It hasn't been smooth or delightful every minute, there were lean years and rough years, but it's been exciting and good and I'm thrilled to be an actress and a singer and to have spent my life this way.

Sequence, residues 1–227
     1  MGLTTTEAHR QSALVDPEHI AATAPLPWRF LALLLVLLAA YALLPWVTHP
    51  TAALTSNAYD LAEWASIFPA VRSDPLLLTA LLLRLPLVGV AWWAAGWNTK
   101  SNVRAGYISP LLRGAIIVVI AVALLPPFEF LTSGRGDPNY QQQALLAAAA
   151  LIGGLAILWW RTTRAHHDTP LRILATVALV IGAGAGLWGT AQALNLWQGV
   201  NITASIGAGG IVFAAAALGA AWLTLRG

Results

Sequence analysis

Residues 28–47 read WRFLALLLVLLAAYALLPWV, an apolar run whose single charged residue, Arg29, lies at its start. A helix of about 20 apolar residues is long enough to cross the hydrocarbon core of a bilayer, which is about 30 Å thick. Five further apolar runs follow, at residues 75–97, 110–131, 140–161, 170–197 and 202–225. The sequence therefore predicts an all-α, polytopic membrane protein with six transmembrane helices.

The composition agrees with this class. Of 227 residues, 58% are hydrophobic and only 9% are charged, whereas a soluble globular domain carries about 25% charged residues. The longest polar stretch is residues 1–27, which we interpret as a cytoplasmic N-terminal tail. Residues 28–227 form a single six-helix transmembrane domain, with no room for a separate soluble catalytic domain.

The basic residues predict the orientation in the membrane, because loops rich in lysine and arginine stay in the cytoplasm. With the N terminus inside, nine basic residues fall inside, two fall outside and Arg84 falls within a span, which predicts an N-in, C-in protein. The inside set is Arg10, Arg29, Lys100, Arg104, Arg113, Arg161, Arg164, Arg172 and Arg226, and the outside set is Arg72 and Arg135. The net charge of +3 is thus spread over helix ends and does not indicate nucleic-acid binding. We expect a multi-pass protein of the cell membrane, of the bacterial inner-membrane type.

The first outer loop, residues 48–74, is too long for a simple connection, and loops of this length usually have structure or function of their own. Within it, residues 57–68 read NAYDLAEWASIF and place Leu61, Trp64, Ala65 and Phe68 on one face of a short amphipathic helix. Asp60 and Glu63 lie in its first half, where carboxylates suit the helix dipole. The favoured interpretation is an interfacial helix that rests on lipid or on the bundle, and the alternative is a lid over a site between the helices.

[on coming to the role of Maj. Margaret 'Hot Lips' O'Houlihan] Soon after The April Fools (1969) my agent called me about an audition. I didn't know anything about the director or who, if anyone, had already been cast. The only thing my agent said was that I was reading for the part of "Lt. Dish" (later played by Jo Ann Pflug), so I thought that I had better put on some red lipstick to look more "dish-y." The audition room was full of men, scattered about, none of whom I recognized. I didn't even know which one was the director. I guess I did well because, all of a sudden, one of the men--he had the longest fingers I've ever seen, like birds about to take flight--said, "I'll give you the best role in the picture: Hot Lips." "Really?" I said. I was so excited. Finally! The best role in something. I thanked the long-fingered man, took the script, and rushed outside. I didn't even want to get home before I cracked open the script to get a better look at this "best" role in the picture. Leaning against the building, I began thumbing through the pages looking for my part. And looking. And still looking. Nothing. On page forty, maybe I found a single line. Later I found a few more. Fourteen years in Hollywood and my "best role" is the nine-line part of a solider named Hot Lips? I staggered home, angry and bitter, and I called my agent, indignant. "There's nothing to this part!" I told him. "This guy is supposed to be really talented," he said, trying to calm me down. "I really think you should do it." I later learned that fifteen directors had said no to this film before Robert Altman had said yes. So I read the script again and then agreed to take another meeting with Altman, it was just the two of us this time, and I arrived in a huff. I didn't know him from Adam, but I hated him for thinking he could fool me. Hot Lips was a memory before the script was even halfway over. But as long I had come this far, I was going to tell him what I thought. "Why does she have to leave in the middle of the film?" I began. I had spent years playing roles on TV. I was already thirty-one years old. I didn't want a career playing hard-bitten drunks in Chanel suits who get slapped by their husbands. This movie was supposed to be a comedy. Hell. I'd done two episodes of Bonanza (1959) just to prove I could be funny. I was capable of so much more than a few lines. I was capable of a "best" role--and so was my character. "I'm not just some WAC--I'm a woman!" "So why can't she do this? And why can't she do that?" I shouted at Altman. I was ranting. When I finally came up for air, Bob just casually leaned back in his chair. He said, simply, "Why couldn't she? You could end up with something or nothing. Why not take a chance?" The minute he said that, something in my shifted. Here I was having a tantrum in his office, and there he was leaning back in his chair, smiling. Everything about him was comfortable and relaxed. So sure. So it was settled. The role of Hot Lips O'Houlihan was mine. The movie was MASH (1970).